RAUTAVAARA: Aleksis Kivi
Jorma Hynninen (Aleksis Kivi). Janne Reinikainen (August Ahiqvist). Riikka Rantanen (Charlotte). Paulina Linnosaari (Hilda). Ville Rusanen (Young Alesxis). Tobias Zilliacus (J. L. Runeberg). Finnish National Opera Orch/Mikko Franck, cond.
ONDINE A 75709 TT: 90 min.+ 23 min. bonus

FALLA: La Vida Breve
Cristina Gallardo-Domás (Salud). Jorge De León (Paco). María Luisa Corbacho (La abuela). Felipe Bou ( El Tio Sarvaor). Candra Ferrández (Carmen/vendoras). Isaac Galán (Manuel). Esperanza Fernández (Flamenco singer). Juan Carlos Gómez Pastor (Flamenco guitar). Cor de la Generalitat Valenciana/Orquestra de la Communitet Valenciana/Lorin Maazel, cond.
C MAJOR DVD TT: 81 min.

BRUCKNER: Symphony No. 7 in E
Berlin Philharmonic Orch/Sergiu Celibidache, cond.
EUROARTS DVD VIDEO 2011408 TT: 90 min.+ 54 min. documentary

Eino Rautavaara (b. 1928) is best known for his 1972 Cantus Arcticus in which he incorporated the sounds of birds. His works include 8 symphonies, many concertos for a wide variety of instruments, and choral music, along with 9 operas few of which are heard outside of Finland. His eighth opera, Aleksis Kivi, composed 1995-1996, is about the author who wrote the first major Finnish novel, Seven Brothers. Rautavaara's opera tells the tragic story of the Kivi's life, his idyllic youth, productivity, criticism of his work, and final depression and drunken breakdown. Rautavaara's music is not note-spinning. Scored for a small orchestra (strings, two clarinets, percussion and synthesiser), the score always cushions the text which was written by the composer. This performance could be considered definitive. Jorma Hynninen created the title role in 1997, and can be heard in a recording made more than a decade ago. He is moving indeed, particularly in the Epilogue as he faces the reality of death. The entire cast obviously is dedicated to this project, and Mikko Franck's conducting could not be bettered. The simple sets and costumes do not detract from the music. This performance was recorded in October 2010 by the Finnish Broadcasting Company, and they did a superb job: video and stereo sound are excellent. The 23-minute bonus includes conversations with the composer, Hynninen and Franck. Check out this recording, a superb presentation of a gentle but powerful opera.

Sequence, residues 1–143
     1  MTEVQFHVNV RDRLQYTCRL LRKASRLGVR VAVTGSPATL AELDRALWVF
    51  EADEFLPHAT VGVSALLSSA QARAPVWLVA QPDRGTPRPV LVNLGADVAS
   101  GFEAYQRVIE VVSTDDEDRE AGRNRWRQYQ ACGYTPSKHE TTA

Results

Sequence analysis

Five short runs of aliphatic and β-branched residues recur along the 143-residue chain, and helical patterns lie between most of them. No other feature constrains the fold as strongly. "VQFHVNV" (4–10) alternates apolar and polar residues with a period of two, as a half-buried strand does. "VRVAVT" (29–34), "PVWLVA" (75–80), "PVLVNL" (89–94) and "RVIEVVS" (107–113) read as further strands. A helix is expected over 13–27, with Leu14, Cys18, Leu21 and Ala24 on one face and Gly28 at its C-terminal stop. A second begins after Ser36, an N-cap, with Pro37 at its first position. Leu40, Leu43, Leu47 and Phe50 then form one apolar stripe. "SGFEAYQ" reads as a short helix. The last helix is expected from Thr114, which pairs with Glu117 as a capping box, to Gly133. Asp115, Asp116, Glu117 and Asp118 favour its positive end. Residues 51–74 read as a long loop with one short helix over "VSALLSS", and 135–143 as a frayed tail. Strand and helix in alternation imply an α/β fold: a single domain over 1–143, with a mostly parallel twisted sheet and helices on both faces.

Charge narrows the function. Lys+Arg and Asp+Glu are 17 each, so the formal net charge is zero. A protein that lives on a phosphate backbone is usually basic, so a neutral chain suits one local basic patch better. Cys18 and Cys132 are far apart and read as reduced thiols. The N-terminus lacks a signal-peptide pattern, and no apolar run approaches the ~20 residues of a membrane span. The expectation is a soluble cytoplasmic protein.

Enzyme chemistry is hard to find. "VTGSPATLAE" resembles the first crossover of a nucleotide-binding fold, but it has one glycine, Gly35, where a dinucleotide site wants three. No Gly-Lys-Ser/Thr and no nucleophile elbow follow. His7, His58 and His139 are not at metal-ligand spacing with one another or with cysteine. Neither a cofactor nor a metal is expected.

Falla's La Vida Breve, which could be called a tragic zarzuela, is best known for two orchestral interludes: Intermezzo and Spanish Dance. It is a short opera about the love of the gypsy girl Salud for the wealthy Paco who professes his love for her even though he is about to marry a wealthy socialite. Salud goes to Paco's wedding, confronts him, and falls dead at his feet—which seems to be a rather odd conclusion, but that's what Falla intended. There have been several memorable recordings, notably two by Victoria de los Angles, in 1952 and 1965, and Teresa Berganza in 1978, that set the standard for this music. This production was staged and designed by Giancarlo Del Monaco, filmed at Palau de les Arts Reina Sofia in Valencia April 17, 2010. The set is stark, huge red walls that effectively suggest blood and tragedy. Lorin Maazel's conducting captures the Spanish flavor, and the cast is uniformly strong. Chilean soprano Cristina Gallardo Domás, who sang Cio-cio-san at the Met's opening night in 2006, as well as Turandot. Her large voice hardly suggests the fragility and pathos of the doomed gypsy girl. This is the only video of Falla's masterpiece. Running time is only 81 minutes; it seems odd there isn't a documentary about the production.

Romanian Sergiu Celibidache (1912-1996) is one of the most revered conductors of our time. Although he had little experience, in 1945 he was appointed principal conductor of the Berlin Philharmonic when Wilhelm Furtwängler was suspended because of his Nazi activities. For seven years he conducted exciting performances, but over the years became more eccentric and demanding, offending many players in the Orchestra. He left under unpleasant circumstances when Furtwängler returned, and for many years appeared as guest conductor with other orchesstras, but only if permitted him unlimited rehearsals. Celibidache was leader for a short time of various orchestras including the Stuttgart Radio, Stockholm Radio Symphony and the French National Orchestra, but his major position began in Munich in 1979 and continued until his death. Some of his Munich performances have been issued on DVD, many more on CD. Often his penchant for slow tempi resulted in clear but rather boring interpretations, but when he was at his best, he was extraordinary. Bruckner's Symphony No. 7 is a work available on DVD, a performance from 1985 with the Munich orchestra, as well as CDs with Munich and Stuttgart. Symphony No. 7 is featured on this unique Euroarts DVD, a concert taped March 31/April 1, 1992, the first and last time, after 38 years, Celibadache conducted the BPO. It is a powerful performance, micromanaged by the conductor as can be seen from the rehearsal. Video is excellent, with rasonably good stereo sound. The 54-minute documentary is fascinating, offering excerpts from meticulous rehearsals along with commentary about the conductor's career. A fascinating, historic release in every way!

R.E.B. (June 2012)